September 15, 2022
The choice to explore hybrid learning options at UNC-Chapel Hill during the Fall 2020 semester came during a time of heightened uncertainty – before variants and vaccines, when our evolving understanding of the novel coronavirus conflicted with concerns about the impact of an extended lockdown on learning. Carolina students grappled with difficult decisions, including where to live, how to go to class and how much of the college experience they would lose.
A new study led by the UNC Gillings School of Global Public Health sheds light on COVID-19 infection among undergraduate students during this time and suggests strategies for colleges and universities to reduce transmission by creating safe opportunities for students to socialize and retain many of the on-campus experiences they value.
Researchers found that students who lived in fraternity and sorority settings, as well as students who participated in social activities, were most likely to have had a COVID-19 infection, while those who lived off campus were less likely to have been infected.
“College is an important time for young people to gain independence, test boundaries, make new friendships and try new things,” said study co-author Audrey Pettifor, PhD, professor of epidemiology. “While our study found that students who socialized more were more likely to have had COVID-19 infection, it is also clear that restricting social activities completely, as we did in 2020, was not good for student mental health or development.”
The study, published recently in the Journal of Adolescent Health, examined data from students in the Heelcheck program, which was open to all UNC undergraduates. It measured their levels of SARS-CoV-2 seroprevalence, demographics and views on the pandemic, including how they felt about public health measures, whether they were likely to get vaccinated and whether they thought the virus would prevent them from engaging in social activities.
Doctoral student Karen Diepstra, MPH, is lead author on the study, along with Pettifor and doctoral student Brooke Bullington from the Department of Epidemiology. They collaborated with Prem Lakshmanane, PhD, research associate professor of microbiology and immunology; Bonnie Shook-Sa, DrPH, assistant professor of biostatistics; and Corbin Jones, PhD, professor of biology and genetics.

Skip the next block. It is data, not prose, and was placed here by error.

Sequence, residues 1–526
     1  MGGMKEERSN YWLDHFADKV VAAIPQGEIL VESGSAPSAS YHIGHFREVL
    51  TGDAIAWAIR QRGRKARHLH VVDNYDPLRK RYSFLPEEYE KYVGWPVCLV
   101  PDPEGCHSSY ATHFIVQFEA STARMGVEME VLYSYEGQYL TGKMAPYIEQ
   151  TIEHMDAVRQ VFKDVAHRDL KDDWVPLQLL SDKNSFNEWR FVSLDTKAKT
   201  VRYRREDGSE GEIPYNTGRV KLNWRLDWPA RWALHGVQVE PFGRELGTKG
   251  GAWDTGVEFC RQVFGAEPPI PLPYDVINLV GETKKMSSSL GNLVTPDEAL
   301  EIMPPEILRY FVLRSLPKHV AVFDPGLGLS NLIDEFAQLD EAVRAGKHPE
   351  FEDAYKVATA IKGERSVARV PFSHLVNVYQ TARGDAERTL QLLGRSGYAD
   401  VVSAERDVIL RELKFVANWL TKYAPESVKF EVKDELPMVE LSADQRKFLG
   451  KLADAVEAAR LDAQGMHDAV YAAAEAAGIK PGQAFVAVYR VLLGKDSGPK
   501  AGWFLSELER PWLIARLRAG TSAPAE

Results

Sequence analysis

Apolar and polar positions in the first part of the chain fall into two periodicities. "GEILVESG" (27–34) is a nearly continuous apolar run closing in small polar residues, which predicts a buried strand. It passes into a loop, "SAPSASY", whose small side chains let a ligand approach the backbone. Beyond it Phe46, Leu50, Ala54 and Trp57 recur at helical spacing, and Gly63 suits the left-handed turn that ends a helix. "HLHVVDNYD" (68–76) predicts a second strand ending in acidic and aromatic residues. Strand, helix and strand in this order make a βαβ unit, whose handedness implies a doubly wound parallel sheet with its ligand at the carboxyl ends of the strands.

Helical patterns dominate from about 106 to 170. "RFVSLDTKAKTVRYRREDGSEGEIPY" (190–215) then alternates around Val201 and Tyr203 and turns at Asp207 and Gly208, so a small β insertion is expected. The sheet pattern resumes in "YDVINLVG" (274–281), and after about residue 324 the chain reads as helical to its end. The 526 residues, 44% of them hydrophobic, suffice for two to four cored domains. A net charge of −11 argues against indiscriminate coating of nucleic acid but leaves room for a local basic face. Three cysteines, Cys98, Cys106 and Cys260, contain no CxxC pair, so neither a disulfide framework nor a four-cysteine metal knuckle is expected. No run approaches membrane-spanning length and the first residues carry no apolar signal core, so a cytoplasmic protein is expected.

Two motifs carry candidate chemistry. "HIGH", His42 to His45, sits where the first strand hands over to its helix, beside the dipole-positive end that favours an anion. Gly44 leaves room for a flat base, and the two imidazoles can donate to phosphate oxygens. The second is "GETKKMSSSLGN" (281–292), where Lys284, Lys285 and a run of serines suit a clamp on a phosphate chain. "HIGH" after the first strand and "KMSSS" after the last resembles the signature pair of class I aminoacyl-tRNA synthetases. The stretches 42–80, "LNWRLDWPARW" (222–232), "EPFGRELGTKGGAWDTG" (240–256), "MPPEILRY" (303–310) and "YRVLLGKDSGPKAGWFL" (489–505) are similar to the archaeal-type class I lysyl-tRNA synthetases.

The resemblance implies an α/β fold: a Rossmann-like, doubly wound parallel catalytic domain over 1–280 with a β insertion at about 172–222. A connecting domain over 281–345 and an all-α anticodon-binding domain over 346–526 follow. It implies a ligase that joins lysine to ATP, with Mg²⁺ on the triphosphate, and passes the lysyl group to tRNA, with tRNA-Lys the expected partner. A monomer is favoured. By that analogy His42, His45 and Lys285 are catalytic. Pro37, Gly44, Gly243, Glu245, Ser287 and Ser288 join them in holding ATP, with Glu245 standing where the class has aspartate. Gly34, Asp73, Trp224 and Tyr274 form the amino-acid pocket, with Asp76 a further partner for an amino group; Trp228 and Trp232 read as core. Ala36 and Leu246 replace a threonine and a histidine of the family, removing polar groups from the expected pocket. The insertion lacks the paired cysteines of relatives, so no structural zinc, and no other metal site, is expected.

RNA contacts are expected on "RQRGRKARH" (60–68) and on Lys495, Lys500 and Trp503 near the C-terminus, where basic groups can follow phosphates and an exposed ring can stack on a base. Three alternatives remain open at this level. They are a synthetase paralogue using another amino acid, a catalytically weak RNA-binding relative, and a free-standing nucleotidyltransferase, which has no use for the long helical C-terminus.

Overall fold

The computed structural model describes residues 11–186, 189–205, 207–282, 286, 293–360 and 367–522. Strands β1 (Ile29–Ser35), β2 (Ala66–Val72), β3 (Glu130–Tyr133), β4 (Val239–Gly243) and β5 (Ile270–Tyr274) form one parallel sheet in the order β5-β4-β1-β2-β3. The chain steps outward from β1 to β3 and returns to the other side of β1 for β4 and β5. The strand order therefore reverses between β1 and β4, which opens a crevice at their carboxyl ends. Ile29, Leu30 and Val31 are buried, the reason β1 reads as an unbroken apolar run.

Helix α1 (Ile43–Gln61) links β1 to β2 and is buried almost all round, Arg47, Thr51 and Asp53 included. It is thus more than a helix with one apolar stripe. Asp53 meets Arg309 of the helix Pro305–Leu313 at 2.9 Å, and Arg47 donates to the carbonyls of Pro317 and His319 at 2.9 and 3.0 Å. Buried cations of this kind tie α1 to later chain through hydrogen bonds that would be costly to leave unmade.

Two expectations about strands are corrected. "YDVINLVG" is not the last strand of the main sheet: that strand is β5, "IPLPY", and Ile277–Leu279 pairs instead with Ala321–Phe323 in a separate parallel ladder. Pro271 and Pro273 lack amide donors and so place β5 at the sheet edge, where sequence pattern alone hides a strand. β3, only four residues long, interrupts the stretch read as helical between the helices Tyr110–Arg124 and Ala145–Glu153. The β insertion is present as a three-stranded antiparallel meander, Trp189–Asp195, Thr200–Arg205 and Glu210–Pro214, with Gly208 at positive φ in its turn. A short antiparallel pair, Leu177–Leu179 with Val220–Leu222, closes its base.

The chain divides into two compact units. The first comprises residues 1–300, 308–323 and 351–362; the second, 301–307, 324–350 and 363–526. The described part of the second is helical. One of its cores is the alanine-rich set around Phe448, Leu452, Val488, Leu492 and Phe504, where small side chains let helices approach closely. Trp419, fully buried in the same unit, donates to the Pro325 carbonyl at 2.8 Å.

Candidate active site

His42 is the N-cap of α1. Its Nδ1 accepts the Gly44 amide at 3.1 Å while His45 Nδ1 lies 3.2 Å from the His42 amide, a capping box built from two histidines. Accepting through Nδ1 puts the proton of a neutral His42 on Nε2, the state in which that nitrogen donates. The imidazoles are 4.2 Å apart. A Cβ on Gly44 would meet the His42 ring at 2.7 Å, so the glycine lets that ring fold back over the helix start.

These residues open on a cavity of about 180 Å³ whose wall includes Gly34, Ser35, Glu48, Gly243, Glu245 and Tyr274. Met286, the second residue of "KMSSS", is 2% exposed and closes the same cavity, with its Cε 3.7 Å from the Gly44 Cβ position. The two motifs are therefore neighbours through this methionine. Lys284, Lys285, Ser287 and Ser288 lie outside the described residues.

In total, 7.3% of undergraduates in the Heelcheck program had COVID-19 antibodies by the end of the Fall 2020 semester, indicating they had been infected previously. Compared to students who lived off-campus in Chapel Hill, those who did not live in Chapel Hill had the lowest prevalence of COVID-19 (1.9%). Students who lived on campus but moved to off-campus housing in Chapel Hill had an 18.9% prevalence, and students who spent the semester living in a sorority or fraternity house had a 46.8% prevalence.
Students were overwhelmingly in favor of measures that prevented transmission, and most also expressed support for personal behaviors that lowered the risk of infection, including masking and staying away from large gatherings. However, many had concerns about participating in contact-tracing programs because they were worried about how peers would react, and many reported a willingness to participate in situations that might put them at risk of COVID-19 exposure rather than leave or ask peers to make the situation safer.
Study results showed an association between students who participated in high-risk behaviors – such as living in fraternities and sororities or going to indoor gatherings with 10 or more people – and a higher risk of having had COVID-19. For example, surveyed students who said they would go to an indoor party unmasked were 3.8 times more likely to have had COVID-19 than those who said they would not go. Students who were concerned about friends being upset at them for sharing close contact information were four times more likely to have had COVID-19.
Such results illustrate the complex challenges faced by academic institutions and students who must manage behavioral risks while still pursuing a meaningful on-campus experience. It is important that universities acknowledge students’ need to socialize and openly discuss their concerns about participating in public health behaviors.
To encourage behavior that lowers the risk of transmission, the researchers suggest that universities create activities that allow students to socialize in the lowest-risk settings possible.
“While undergraduate students may strongly support COVID-19 prevention measures, there may be a discrepancy between support of prevention methods and their actual implementation—the desire to experience ‘normal’ social lives and the potential to underestimate risk must be recognized and incorporated into realistic mitigation efforts,” the study team wrote. “As opposed to completely restricting social activities, colleges should create and encourage safe opportunities to socialize and experience ‘college life’ while minimizing COVID-19 transmission.”
“In the future, colleges need to find ways for students to engage with their peers in safer ways rather than not at all,” Pettifor said. “We also need to acknowledge the importance of peer pressure and the impact it may have on students complying with prevention measures, and then work to help students navigate these real challenges in our health promotion efforts.”
This work was supported by the North Carolina Policy Collaboratory through appropriation from the North Carolina General Assembly (NCGA) in support of research on treatment, community testing and prevention of COVID-19.
Contact the UNC Gillings School of Global Public Health communications team at firstname.lastname@example.org.